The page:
Stuart Lieberman: Men’s Wheelchair Tennis Competition Wide Open

At the London 2012 Paralympic Games, the men’s Wheelchair Tennis singles event could be one of the best hidden charms says the IPC's Stuart Lieberman. 16 Aug 2012
A picture of a man in a wheelchair playing tennis

Japan's Shingo Kunieda will try to defend his Paralympic title at the London 2012 Games.


It’s really anyone’s game at Eton Manor, the first Paralympic-only venue of six courts specially built for the London 2012 Wheelchair Tennis events.

Everybody’s talking about the sprints, swims and three-point shots expected to come in the British capital later this month.

But one of the more untouched stories at the London 2012 Paralympic Games – the men’s singles Wheelchair Tennis competition – may be one of the best-hidden charms.

On the women’s side of the court, the Netherlands’ Esther Vergeer has been the most dominant player in the world for nearly a decade. She has not lost a singles match since 2003, and has extended her unbeaten streak to well over 450 matches.

The International Tennis Federation (ITF) released their London 2012 media guide this week, and after taking a read through it, there does not seem to be one clear favourite among the 64 men’s singles entries.

It’s really anyone’s game at Eton Manor, the first Paralympic-only venue of six courts specially built for the London 2012 Wheelchair Tennis events.

Let’s take a brief look at who has a shot to reach the podium, stun the crowds and become the world’s best.

The first name we must mention is Japan’s Shingo Kunieda, who won gold at Beijing 2008 and has the chance to go down in the history books as the first player to win two men’s singles Paralympic titles.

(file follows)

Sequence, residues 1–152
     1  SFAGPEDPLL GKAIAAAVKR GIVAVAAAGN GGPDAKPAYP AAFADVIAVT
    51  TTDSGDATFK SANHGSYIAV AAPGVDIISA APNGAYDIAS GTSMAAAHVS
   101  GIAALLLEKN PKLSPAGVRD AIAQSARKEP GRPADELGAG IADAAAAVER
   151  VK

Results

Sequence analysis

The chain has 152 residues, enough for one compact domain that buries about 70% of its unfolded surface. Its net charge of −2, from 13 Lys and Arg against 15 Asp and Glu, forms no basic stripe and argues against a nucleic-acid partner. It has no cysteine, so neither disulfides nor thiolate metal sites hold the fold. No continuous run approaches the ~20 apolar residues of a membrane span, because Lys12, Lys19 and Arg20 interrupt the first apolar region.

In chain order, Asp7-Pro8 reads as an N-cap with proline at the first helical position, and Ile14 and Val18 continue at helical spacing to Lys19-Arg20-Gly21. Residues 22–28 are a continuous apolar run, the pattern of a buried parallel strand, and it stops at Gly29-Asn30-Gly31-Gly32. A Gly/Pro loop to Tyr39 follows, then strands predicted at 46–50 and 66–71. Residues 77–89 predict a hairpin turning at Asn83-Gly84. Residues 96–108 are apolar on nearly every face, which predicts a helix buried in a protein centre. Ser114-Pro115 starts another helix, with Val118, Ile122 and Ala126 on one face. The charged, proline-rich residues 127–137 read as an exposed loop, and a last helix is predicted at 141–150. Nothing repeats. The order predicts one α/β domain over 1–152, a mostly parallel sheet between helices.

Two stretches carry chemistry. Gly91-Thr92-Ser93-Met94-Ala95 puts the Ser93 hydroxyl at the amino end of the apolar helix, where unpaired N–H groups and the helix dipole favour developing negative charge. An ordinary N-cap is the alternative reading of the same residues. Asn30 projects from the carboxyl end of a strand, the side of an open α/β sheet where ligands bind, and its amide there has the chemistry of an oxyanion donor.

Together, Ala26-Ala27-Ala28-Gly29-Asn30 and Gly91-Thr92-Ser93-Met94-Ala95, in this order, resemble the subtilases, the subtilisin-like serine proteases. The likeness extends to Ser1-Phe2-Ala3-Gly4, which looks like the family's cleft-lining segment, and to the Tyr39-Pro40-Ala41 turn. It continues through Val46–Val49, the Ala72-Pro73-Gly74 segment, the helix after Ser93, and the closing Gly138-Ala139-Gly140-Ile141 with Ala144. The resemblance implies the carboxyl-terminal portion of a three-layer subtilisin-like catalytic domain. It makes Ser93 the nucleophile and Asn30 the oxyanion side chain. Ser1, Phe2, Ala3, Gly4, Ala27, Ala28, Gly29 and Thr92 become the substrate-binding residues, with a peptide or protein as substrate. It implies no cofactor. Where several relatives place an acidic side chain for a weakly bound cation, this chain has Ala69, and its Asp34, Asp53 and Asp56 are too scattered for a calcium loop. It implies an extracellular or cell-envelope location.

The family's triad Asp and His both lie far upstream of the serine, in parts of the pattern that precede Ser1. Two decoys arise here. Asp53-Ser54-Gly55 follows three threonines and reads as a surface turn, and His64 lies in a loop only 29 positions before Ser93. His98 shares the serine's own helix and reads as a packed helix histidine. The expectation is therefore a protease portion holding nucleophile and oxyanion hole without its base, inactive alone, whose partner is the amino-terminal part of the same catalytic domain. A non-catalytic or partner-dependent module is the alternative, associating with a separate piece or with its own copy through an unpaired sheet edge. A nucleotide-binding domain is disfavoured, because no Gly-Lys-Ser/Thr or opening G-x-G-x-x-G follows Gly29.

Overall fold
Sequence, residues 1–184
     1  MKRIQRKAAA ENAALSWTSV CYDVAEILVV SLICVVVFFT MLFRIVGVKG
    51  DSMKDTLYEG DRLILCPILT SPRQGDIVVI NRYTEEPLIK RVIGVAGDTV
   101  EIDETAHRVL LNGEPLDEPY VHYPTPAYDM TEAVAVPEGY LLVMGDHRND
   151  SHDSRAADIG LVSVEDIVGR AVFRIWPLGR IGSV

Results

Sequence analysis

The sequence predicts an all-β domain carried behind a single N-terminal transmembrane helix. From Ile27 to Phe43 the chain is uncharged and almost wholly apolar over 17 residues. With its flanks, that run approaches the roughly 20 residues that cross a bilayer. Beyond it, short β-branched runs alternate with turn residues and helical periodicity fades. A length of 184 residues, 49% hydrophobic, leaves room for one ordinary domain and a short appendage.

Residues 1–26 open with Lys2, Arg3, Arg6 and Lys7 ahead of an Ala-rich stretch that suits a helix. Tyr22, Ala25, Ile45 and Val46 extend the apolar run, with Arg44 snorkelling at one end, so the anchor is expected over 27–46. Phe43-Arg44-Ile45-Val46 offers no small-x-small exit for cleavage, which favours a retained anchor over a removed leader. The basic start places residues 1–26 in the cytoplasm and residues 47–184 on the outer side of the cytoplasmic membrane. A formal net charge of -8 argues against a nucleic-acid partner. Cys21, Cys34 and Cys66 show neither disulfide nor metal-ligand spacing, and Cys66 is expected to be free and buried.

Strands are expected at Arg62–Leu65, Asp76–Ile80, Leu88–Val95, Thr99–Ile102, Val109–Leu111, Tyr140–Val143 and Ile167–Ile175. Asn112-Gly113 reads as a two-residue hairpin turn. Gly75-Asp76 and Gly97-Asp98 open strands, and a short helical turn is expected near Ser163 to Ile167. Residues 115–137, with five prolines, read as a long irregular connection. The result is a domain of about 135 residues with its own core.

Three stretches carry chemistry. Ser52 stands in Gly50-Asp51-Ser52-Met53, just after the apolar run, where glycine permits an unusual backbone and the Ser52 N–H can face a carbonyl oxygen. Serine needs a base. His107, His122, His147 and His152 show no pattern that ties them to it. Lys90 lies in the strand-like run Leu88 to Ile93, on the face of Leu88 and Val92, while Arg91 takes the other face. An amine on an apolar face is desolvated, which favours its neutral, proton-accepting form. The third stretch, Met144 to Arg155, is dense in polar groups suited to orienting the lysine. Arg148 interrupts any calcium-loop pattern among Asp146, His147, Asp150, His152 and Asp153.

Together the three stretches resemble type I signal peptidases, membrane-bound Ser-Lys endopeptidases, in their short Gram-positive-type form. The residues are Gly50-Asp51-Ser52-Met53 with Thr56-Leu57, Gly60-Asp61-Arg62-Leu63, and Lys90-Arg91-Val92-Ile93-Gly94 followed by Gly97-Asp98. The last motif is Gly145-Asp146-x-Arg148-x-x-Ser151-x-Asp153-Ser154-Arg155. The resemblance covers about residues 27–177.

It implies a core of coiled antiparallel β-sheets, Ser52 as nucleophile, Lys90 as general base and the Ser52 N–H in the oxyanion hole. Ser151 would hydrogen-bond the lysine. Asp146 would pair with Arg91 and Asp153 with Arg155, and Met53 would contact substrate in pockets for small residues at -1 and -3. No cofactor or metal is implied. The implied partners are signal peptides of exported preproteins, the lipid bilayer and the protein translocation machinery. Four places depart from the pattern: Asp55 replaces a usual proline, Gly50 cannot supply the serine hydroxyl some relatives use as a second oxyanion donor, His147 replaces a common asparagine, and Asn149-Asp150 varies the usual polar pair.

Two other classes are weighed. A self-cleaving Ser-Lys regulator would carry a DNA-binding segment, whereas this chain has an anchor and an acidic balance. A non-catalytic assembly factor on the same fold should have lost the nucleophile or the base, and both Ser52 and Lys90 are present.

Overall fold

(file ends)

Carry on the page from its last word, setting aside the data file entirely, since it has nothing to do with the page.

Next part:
Despite being battered with a few injuries since Beijing, everyone will be out to beat the reigning Paralympic champion in London, who is now No. 2 in the world rankings. Kunieda, 28, has won 20 Grand Slams since 2006, including 11 in singles and recorded a 106-match winning streak from 2007-2010.

The right-hander's biggest challengers at Eton Manor will most likely be France’s Stephane Houdet and the Netherlands’ Maikel Scheffers, as the two have traded off the title of world No. 1 since Kunieda fell from the spot last December.

Houdet will enter the Games ranked as the top player in the world. He was the one who ended Kuneida’s 106-match streak in November 2010 and became world No. 1 for the first time in June after winning his first Grand Slam title at Roland Garros.

Scheffers, No. 3 in the world, is simply a beast on the court. There is no better way to say it. His facial expressions on the court will frighten you.

The Dutchman ended 2011 as the world champion, having won two of the four Grand Slam titles and backing up a long Dutch tradition of Wheelchair Tennis excellence. With Vergeer as his training partner, it is certain he has the knowledge of what it takes to be a winner.

His compatriot, Robin Amerlaan, won silver at Beijing 2008 and gold at Athens 2004, and could be a dark horse to top the podium in London. Though he currently sits as No. 10 in the world, the veteran has arguably more experience than anyone and will not falter under pressure.

We cannot go without mentioning Argentinian 18-year-old Gustavo Fernandez, who may just be the story of 2012 thus far.

Unknown to the world at this time last year, Fernandez could become the first South American to medal in Wheelchair Tennis at the Paralympics. He is No. 1 in the world in the junior rankings, and after winning gold at the 2011 Parapan American Games and taking the Japan Open title this year has risen to No. 5 in the men’s singles rankings.

With a large fan base and some upsets against the world’s best on his resume, Fernandez could shock the field in London.

Let’s not forget Great Britain’s Gordon Reid as well, who is No. 9 in the world, but with the host nation crowd behind him could feel like world No. 1.

Do not be surprised to see Reid, or even Sweden’s Steffan Olsson, the Netherlands’ Ronald Vink or France’s Michael Jeremiasz on the podium after the finals on 8 September.

In fact, do not be surprised by any results in the men’s Wheelchair Tennis competition.

Anything can happen.

It’s the Paralympic Games.

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